There were times when the fight almost got the better of him.
After years of pushing this proverbial boulder to the top, Marty Sanchez de Santa Fe – a self-proclaimed golf enthusiast named after an uncle whose name appears on the city’s municipal golf course – won his first tournament as a as a professional player. He won a total of three under-17 days to win the Las Vegas Open Championship, a tournament held July 28-30 at TPC Las Vegas in Las Vegas, Nevada.
Its remarkably consistent play produced only two bogeys in 54 holes. He pulled off a lopsided seven-stroke victory, dominating the pitch with an aggressive approach to the start and, as usual, his steady hand on the greens.
For his efforts, he received a check for $ 10,000 and a trophy.
He dropped the trophy almost as soon as he got it, smashing the handle of a black ceramic and chrome vase.
âIt was such a Marty thing to happen,â Sanchez said with a laugh. âBut you know, they could’ve given me $ 500 and I wouldn’t even have noticed. Money in golf can be great, but it’s about competing for me. I have always had an addiction to this game, and now I have a tournament win and some confidence.
Sanchez, 27, graduated from St. Michael’s in 2012 and sort of a local icon on Links. He won the city tournament as well as a handful of high school and college events, like the 2010 state title with the Horsemen before an All-American race at New Mexico Junior College.
He has played professionally on the PGA Lower Tours since his college career ended at West Texas A&M, but it was his first victory. The Vegas Open is part of the Southwestern section of the PGA, which hosts a number of tournaments in this part of the country.
Sanchez’s next stop will be the San Juan Open on Labor Day weekend in Farmington.
âThe last week since this tournament has been pretty crazy,â said Sanchez. âThe outpouring of support I have received from people who have followed my career has been incredible. All texts and calls have been, wow.
For most of the past decade, Sanchez has turned to Arizona, finding ways to stay involved in the sport. He played in a tournament here, was a caddy or gave a few lessons there.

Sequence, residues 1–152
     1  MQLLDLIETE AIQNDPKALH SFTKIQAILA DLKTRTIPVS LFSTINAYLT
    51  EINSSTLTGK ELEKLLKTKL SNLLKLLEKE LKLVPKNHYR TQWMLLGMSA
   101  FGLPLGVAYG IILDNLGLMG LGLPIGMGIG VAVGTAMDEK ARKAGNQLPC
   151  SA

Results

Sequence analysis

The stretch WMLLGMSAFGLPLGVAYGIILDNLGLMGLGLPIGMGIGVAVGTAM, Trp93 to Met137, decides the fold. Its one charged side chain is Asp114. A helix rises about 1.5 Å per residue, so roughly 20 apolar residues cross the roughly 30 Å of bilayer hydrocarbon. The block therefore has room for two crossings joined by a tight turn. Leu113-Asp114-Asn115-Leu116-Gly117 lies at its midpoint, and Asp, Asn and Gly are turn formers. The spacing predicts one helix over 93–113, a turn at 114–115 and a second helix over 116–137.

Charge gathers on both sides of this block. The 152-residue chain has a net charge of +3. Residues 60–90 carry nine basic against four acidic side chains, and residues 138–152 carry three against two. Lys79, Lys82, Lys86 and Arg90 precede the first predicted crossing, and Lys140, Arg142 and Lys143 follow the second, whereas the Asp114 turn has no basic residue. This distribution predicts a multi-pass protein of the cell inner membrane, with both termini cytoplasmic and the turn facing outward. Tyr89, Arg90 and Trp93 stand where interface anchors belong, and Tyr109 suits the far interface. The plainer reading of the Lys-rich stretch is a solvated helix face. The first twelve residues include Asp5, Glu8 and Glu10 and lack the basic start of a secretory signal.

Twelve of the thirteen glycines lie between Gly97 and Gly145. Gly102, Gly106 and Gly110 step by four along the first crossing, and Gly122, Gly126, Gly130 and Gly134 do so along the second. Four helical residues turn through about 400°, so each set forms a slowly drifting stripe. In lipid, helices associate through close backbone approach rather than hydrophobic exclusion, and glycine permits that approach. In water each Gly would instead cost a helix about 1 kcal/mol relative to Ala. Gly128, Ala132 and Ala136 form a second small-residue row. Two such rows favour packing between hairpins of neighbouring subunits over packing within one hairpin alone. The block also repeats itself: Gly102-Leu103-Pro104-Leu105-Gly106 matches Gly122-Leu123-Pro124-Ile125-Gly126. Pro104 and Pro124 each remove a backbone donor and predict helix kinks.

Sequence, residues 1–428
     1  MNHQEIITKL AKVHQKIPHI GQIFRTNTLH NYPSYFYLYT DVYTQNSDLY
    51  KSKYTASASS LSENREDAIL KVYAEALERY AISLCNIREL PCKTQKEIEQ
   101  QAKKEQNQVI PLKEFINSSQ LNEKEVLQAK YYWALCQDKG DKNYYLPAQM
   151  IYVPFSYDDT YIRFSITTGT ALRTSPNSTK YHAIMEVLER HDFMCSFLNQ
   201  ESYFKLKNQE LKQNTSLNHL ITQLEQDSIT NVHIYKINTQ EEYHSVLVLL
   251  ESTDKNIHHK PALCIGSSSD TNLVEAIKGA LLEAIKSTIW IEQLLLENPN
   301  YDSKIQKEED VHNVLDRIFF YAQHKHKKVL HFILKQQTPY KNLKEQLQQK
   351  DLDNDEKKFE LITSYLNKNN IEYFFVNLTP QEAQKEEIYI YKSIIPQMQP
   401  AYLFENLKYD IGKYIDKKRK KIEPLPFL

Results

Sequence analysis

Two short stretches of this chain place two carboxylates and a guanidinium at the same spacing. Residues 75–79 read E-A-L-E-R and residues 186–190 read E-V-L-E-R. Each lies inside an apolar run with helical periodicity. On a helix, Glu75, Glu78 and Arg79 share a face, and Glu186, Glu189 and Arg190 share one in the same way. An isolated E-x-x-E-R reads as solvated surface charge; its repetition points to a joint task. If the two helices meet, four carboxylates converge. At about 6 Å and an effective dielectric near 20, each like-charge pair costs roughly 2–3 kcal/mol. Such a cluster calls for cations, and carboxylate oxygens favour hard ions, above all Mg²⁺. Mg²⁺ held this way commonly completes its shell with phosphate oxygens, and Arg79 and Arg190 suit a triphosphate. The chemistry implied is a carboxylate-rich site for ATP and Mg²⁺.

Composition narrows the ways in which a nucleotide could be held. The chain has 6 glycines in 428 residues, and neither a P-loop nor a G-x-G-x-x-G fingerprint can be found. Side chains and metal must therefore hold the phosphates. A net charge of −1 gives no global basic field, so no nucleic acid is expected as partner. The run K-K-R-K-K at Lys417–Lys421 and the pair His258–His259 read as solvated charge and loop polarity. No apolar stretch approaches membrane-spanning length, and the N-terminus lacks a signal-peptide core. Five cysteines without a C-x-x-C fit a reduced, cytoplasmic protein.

Zach Berhost, a former St. Michael’s teammate who lives in Phoenix, gave him the biggest break of all by introducing him to Kelly Spielman, a former college tennis player who had attended Arizona State.
The couple immediately hit it off and got engaged last fall. The wedding is slated for spring in the Phoenix area.
âI am lucky to have a fiancÃ© who supports my love for golf,â Sanchez said. “She understands it.”
All has not been good for Sanchez. He had an appendectomy 20 months ago and has hardly played during the pandemic. He spent much of his time commuting between Santa Fe and Arizona, shopping cart in the Phoenix area to earn a few bucks. He was on the sack for CEOs and celebrities, even spending a round with Los Angeles Dodgers first baseman Albert Pujols.
âIt was the best way to make money fast,â Sanchez said. âBut not playing was difficult. If anything, it was a change in my outlook on the game. Time away from competition has taught me that I will never take golf for granted.
Sanchez admits there were times he thought the day would come when he would have to find a 9-5 job and become a scratch golfer on the weekends. Every time he did, he said, he was drawn to the sport that defined his family.
When he entered the Las Vegas Open, Sanchez was hoping to play well, but 17 down?
âI knew I was playing well, but I didn’t expect to win by seven strokes, not at all,â said Sanchez. âI mean, golfers – we’ve all had cases where we said we were going to quit, where we said we had had enough. I certainly did. I’m just glad I didn’t go all the way. I’ll never be done with this.